According to journalist Ronald Kessler’s book, In the President’s Secret Service, threats against President Obama’s life have increased by 400 percent over those of his predecessor, George W. Bush. Significant cuts to the agency’s budget were made when Bush folded the Secret Service into a new bureaucracy, the Department of Homeland Security. The cuts remain in place. 

 

To document each and every racist locution heard across America on a given day is impossible, of course. But even those duly recorded by television cameras——as on March 20, 2010, when African-American Congressmen John Lewis (D-Ga.) and Emanuel Cleaver (D-Mo.) were spat upon in a shower of “n***r” epithets howled by Tea Party loiterers on the steps of the Capitol in Washington, D.C.——is pugnaciously denied by Rush Limbaugh and other Republican luminaries.

 

In an interview with a reporter for the McClatchy newspaper chain, Cleaver said of the spitters, “It was a chorus. I feel sorry for those people who are doing this nasty stuff. They’re being whipped up.”

 

Americans of ecumenical outlook might find it easy to despair of the racist beat that still throbs in the hearts of some white Republicans——candidates, wingnut voters and broadcast apologists alike. All might reference the clownish, one-off Republican primary candidacy of black pizza magnate Herman Cain or the loopy pronouncements of black Congressman Allen West as proof that their party is color-blind.

But Maurice Berger, author and scholar in the field of white racism, is not to be deterred from his prediction of a relatively fair-minded political future, one that could arrive as early as November’s presidential election.

 

“Older white voters are dying off and being replaced by Hispanics, others of color, and progressive young white voters,” Berger told Highbrow Magazine. “I’m not sure [race baiting] will work. This rhetoric will turn off many, if not most, independent voters. 

 

“This is a country that has changed dramatically over the past 50 years. This is becoming a country of so-called minorities, and Obama represents that——dynamically,” said Mr. Berger, who is also a University of Maryland professor and consulting curator for New York’s Jewish Museum.

 

He added, “We may see the Obama presidency as the beginning of a trend, not just an anomaly.”

 

In his April 16 column for the Washington Post, Charles Lane underscored Berger’s view.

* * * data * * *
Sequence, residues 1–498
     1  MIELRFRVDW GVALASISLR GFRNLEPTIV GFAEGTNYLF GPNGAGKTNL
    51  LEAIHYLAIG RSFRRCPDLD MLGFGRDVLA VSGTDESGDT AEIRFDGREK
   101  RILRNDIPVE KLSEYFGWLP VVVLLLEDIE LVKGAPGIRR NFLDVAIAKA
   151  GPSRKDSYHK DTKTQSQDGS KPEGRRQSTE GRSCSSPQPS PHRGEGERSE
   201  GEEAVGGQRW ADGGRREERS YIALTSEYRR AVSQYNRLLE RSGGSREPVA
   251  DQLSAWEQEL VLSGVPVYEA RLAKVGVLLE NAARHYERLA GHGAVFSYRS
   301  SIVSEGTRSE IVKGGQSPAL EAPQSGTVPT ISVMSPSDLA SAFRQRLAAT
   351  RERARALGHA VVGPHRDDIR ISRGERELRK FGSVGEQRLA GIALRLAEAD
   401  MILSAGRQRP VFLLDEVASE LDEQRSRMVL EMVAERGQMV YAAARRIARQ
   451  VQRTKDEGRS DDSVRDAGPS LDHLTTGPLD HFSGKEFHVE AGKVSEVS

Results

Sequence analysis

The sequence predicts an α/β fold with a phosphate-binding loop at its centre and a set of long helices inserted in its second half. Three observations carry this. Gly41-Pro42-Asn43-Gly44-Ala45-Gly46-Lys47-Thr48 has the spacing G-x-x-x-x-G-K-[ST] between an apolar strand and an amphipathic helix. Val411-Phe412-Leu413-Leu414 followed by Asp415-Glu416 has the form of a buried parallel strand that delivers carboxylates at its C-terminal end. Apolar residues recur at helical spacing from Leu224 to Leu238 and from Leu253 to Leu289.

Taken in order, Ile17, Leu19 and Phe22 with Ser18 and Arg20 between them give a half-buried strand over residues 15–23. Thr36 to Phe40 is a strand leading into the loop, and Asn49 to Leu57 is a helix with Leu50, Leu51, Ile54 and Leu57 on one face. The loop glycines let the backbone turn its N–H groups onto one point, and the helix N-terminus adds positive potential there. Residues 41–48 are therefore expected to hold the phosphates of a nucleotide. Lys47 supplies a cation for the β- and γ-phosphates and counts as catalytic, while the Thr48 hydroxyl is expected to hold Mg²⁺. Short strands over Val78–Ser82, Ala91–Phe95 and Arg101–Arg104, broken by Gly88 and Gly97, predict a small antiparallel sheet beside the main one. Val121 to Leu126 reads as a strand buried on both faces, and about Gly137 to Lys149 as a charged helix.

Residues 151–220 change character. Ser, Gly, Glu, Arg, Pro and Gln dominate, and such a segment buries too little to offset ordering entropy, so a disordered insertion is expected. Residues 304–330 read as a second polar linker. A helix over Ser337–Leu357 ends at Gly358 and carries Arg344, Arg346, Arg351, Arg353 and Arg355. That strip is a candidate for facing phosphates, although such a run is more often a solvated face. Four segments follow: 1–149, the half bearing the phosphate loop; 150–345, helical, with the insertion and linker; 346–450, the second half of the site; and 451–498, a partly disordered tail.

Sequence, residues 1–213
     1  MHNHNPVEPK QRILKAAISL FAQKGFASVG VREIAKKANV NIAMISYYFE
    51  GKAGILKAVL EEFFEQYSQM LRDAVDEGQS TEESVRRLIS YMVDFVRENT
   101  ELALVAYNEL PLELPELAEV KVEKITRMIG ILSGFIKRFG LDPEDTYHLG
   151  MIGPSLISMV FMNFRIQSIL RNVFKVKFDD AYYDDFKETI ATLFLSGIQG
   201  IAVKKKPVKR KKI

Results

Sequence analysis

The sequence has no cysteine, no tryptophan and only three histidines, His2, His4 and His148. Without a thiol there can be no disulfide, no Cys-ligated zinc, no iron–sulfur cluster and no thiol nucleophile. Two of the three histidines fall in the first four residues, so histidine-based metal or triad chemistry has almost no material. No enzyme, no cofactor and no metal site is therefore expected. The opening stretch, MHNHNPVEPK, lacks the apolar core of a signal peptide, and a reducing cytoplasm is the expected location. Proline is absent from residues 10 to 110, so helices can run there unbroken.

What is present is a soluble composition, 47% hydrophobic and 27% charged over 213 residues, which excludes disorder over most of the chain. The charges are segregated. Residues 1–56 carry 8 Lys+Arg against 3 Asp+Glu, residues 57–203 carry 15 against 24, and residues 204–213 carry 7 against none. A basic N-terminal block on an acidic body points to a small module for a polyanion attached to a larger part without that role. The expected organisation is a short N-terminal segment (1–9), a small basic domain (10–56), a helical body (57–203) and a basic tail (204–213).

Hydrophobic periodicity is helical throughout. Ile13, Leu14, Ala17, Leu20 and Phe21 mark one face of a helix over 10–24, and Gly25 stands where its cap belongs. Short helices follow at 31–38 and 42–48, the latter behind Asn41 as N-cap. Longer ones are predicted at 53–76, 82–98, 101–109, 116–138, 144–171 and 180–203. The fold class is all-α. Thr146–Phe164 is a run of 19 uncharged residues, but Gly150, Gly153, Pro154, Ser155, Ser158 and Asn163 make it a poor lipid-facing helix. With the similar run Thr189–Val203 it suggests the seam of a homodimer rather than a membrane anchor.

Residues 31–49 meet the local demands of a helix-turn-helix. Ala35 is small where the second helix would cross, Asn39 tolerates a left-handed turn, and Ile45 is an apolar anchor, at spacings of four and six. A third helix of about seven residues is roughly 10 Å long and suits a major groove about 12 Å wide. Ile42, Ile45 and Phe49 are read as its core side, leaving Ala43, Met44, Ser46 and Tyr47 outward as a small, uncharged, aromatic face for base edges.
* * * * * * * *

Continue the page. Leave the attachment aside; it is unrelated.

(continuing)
“It’s hard to see much future for a G.O.P. that has minimal support from blacks and Latinos…[P]arty racialization is approaching the point of diminishing returns,” wrote Lane. Of the Republican brand, he intimated in a closing line, “[T]he losing party in 2012 will conclude that it must broaden its base, or die.”

 

Berger suggested that the Democratic party, too, has power to lose unless liberal white adherents own up to their brand of nuanced racism. By way of example, Mr. Berger spoke of a liberal acquaintance——an art critic who published a Facebook screed about the dearth of black people in studio audiences during the seemingly endless series of televised Republican primary debates.

 

“The thing about this critic,” said Berger, “is that I’ve been to parties at his home, and I’ve never once seen a black person there.”

 

The incipient optimism of Lane and Berger aside, today’s Republican campaign discourse “hurts, it really hurts,” said Toni Morrison in an April 13 interview with The Guardian. The African-American novelist and Nobel laureate said the G.O.P.’s hateful language is a “very deliberate vocabulary of [racist] code” that is “embarrassing for my country.”

 

More and even greater embarrassment looms on the horizon.

 

One of Romney’s campaign wise men——Larry McCarthy, president of the Washington, D.C., ad firm McCarthy-Hennings Media, Inc.——now heads “Restore Our Future,” the super PAC responsible for the presumptive Republican nominee’s effective slash-and-burn TV spots that vanquished his competitors during the primary season.

 

“Larry McCarthy has been responsible for some of the most negative ads in American history,” Darrell West, vice president and director of governance studies at the Brookings Institution, told the Huffington Post.

 

Back in 1988, it was McCarthy whom Lee Atwater hired to create the infamous Willie Horton spot, which Mr. Dukakis remembers only too well.

 

“McCarthy’s playing an important role” in the Romney campaign, said Mr. Dukakis in the Huffington Post report. “So it’s obvious what’s going on.”

 

Indicative of obvious TV spots to come, NBC Television news recently reported that super PAC contributions to the Romney cause exceeded $52 million, compared to $9 million for the African-American incumbent.

 

Author Bio:

Thomas Adcock, a contributing writer at Highbrow Magazine, is an independent journalist, novelist, and editorial consultant based in New York City. His articles have appeared in U.S., Canadian, Mexican and European newspapers, magazines and websites, as well as American University publications. His critically acclaimed crime novels and short stories have been published worldwide.

 

​Photos: AP (Strom Thurmond, 1957); Fotopedia (Lee Atwater); Fox News (Brent Bozell); Barnes & Noble (Maurice Berger book)